Nov21

Whoredom Rife – Winds of Wrath Review

Whoredom Rife – Winds of Wrath Review

“Let me start off on the right foot with some honesty: I had, for the longest time, no idea what to say about the latest Whoredom Rife record. If it was a boring record, I’d call it Boredom Rife and be proud of that pun, but I can’t in any honesty do that. Winds of Wrath isn’t a boring record. It isn’t a great one either.” Rife in the middle.

Hunters Moon – The Great Pandemonium Review

Hunters Moon – The Great Pandemonium Review

“Australia is trying to kill you. 21 of the 25 most venomous snakes in the world are found there. It features cone snails that shoot literal poisonous harpoons at your feet; stone fish covered in hundreds of perfectly camouflaged needles, just waiting for a tender limb to sink into; enormous box jellyfish; satanic, giant centipedes; cassowaries; malignant kangaroos; and some of the funkiest infectious diseases known to man. No wonder the metal from Oz is so goddamn righteous. Entering the fray, like a snake coiling around a Christmas tree (which happened this week), is black metal band, Hunters Moon. Formed way back in 2006, The Great Pandemonium is, somewhat startlingly, the band’s first full-length.” The fire down under the world.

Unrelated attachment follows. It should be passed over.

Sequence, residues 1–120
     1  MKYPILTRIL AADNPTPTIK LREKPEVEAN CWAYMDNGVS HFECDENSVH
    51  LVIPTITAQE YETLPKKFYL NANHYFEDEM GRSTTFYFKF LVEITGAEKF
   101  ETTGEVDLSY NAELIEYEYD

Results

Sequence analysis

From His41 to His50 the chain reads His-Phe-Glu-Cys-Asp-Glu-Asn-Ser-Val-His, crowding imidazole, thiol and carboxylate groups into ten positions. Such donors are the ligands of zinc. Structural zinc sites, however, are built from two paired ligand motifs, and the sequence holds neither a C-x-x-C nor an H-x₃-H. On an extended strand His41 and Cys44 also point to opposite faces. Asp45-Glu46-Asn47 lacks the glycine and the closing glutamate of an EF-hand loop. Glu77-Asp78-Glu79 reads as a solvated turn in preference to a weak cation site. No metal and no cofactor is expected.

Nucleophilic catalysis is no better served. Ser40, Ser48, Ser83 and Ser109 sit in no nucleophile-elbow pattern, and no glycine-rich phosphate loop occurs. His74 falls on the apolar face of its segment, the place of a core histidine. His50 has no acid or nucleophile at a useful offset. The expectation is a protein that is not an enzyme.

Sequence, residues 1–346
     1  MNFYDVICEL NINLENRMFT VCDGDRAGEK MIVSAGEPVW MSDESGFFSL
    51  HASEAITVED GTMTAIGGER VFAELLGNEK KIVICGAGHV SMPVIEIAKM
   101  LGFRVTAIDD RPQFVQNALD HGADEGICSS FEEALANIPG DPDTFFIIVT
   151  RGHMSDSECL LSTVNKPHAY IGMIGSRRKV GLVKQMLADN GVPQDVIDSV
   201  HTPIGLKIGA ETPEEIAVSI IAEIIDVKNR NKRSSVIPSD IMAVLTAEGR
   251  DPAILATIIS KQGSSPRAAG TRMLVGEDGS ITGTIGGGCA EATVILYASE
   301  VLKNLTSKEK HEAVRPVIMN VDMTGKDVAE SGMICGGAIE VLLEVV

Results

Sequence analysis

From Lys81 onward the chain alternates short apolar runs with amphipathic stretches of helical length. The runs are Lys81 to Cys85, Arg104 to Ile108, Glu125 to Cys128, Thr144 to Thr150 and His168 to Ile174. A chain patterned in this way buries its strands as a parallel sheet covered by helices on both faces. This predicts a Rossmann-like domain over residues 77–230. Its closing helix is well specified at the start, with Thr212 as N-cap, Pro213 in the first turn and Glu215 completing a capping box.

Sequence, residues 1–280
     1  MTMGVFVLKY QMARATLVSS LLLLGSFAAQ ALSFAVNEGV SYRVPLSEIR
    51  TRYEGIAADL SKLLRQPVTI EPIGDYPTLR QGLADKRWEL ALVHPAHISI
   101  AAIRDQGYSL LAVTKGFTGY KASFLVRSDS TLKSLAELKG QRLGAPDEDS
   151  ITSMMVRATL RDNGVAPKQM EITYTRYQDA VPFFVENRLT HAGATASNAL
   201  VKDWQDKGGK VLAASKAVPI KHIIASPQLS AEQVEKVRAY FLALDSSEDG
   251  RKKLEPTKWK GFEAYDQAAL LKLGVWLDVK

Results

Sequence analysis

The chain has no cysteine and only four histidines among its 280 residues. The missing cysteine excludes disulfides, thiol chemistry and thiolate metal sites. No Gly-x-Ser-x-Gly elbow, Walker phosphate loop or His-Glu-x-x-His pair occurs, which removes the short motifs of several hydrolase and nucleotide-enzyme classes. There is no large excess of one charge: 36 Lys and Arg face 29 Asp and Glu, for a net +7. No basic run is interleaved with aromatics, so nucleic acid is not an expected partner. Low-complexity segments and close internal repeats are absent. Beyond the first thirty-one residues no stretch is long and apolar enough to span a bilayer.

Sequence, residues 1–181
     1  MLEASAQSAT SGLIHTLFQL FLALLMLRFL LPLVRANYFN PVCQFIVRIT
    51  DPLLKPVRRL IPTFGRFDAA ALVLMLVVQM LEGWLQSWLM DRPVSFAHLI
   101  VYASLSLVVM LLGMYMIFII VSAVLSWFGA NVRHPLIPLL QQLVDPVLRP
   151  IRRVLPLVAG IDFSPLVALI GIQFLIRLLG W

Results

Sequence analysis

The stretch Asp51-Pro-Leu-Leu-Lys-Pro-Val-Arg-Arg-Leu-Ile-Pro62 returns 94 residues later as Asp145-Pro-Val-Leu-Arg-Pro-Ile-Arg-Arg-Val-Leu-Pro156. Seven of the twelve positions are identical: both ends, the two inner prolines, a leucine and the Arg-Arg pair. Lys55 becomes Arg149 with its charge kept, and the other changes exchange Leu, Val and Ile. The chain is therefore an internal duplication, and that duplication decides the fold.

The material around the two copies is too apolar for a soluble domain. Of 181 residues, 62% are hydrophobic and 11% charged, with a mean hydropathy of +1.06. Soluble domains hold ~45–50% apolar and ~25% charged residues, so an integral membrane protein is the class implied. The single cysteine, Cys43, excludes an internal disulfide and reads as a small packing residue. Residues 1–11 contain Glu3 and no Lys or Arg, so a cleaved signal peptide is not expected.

Opera Diabolicus – Death on a Pale Horse Review

Opera Diabolicus – Death on a Pale Horse Review

“Along with Shaw and Levén, the band adds some stellar vocals from Madeleine Liljestam (Eleine) and Angelina DelCarmen (Charetta), and guitar solos from King Diamond legends Andy LaRocque and Michael Denner. But the backbone of the album is all the other guests. These lesser-known individuals supply the keys, strings, pianos, and organs that make up the record’s core. It’s an unbelievable lineup with a lot of moving parts. But, somehow, the band keeps this chaotic metal opera about ‘witchcraft, the black death and revenge!’ together.” Panic in the opera horse.

Prospectors – Proven Lands Review

Prospectors – Proven Lands Review

“If you make stuff, you probably make side-projects. No matter how much you like what you do, some things get too big, too stressful, to focus creative efforts on, and the creative urge trickles into one-offs that reflect what the main project cannot. Prospectors is one such oddity, formed by a couple black metal musicians leaning into their progressive tendencies. They take after Colin Marston projects—Krallice and early Behold… the Arctopus—but temper their oddities with more conventional structures.” Fertile soil.

Negură Bunget – Zău Review

Negură Bunget – Zău Review

“The November 26 release cycle brings us a couple of albums by bands we wouldn’t have expected to hear from; Cynic and Negură Bunget. While Kronos will be filling our heads with his thoughts on the former, the latter falls to me. Not because I am a world-renowned black metal aficionado, but rather because I reviewed the latest (truly excellent) release from Dordeduh, and it is natural to draw some comparisons. Following the tragic death of drummer/band leader Gabriel “Negru” Mafa back in 2017, one would assume that was the end of the band. But Negru had completed a number of drum tracks for the final album in the band’s trilogy, and after a period of mourning the remaining band members took up the mantle and fleshed out the songs, and now they present the final chapter in the band’s canon, Zău.” End of the misty road.